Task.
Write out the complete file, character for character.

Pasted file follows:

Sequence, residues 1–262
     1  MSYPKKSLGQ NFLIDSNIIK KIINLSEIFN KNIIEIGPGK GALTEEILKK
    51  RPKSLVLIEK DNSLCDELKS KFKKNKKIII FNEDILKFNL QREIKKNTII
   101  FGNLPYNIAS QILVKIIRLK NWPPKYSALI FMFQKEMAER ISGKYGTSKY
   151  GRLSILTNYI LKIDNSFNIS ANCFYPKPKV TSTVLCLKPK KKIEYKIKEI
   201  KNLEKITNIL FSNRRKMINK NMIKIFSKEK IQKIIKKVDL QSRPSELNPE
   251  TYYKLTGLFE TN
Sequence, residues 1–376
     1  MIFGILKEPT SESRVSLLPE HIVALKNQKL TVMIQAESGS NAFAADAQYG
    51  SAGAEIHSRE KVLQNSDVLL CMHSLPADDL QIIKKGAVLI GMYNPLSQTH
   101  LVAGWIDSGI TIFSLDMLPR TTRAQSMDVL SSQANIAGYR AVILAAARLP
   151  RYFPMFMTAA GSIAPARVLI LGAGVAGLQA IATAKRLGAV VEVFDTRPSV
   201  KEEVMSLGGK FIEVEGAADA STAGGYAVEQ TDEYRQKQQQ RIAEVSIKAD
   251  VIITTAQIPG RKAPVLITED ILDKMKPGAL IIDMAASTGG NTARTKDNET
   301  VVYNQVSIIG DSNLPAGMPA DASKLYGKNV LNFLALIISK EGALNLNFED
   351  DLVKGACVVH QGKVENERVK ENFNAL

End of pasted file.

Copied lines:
Sequence, residues 1–262
     1  MSYPKKSLGQ NFLIDSNIIK KIINLSEIFN KNIIEIGPGK GALTEEILKK
    51  RPKSLVLIEK DNSLCDELKS KFKKNKKIII FNEDILKFNL QREIKKNTII
   101  FGNLPYNIAS QILVKIIRLK NWPPKYSALI FMFQKEMAER ISGKYGTSKY
   151  GRLSILTNYI LKIDNSFNIS ANCFYPKPKV TSTVLCLKPK KKIEYKIKEI
   201  KNLEKITNIL FSNRRKMINK NMIKIFSKEK IQKIIKKVDL QSRPSELNPE
   251  TYYKLTGLFE TN
Sequence, residues 1–376
     1  MIFGILKEPT SESRVSLLPE HIVALKNQKL TVMIQAESGS NAFAADAQYG
    51  SAGAEIHSRE KVLQNSDVLL CMHSLPADDL QIIKKGAVLI GMYNPLSQTH
   101  LVAGWIDSGI TIFSLDMLPR TTRAQSMDVL SSQANIAGYR AVILAAARLP
   151  RYFPMFMTAA GSIAPARVLI LGAGVAGLQA IATAKRLGAV VEVFDTRPSV
   201  KEEVMSLGGK FIEVEGAADA STAGGYAVEQ TDEYRQKQQQ RIAEVSIKAD
   251  VIITTAQIPG RKAPVLITED ILDKMKPGAL IIDMAASTGG NTARTKDNET
   301  VVYNQVSIIG DSNLPAGMPA DASKLYGKNV LNFLALIISK EGALNLNFED
   351  DLVKGACVVH QGKVENERVK ENFNAL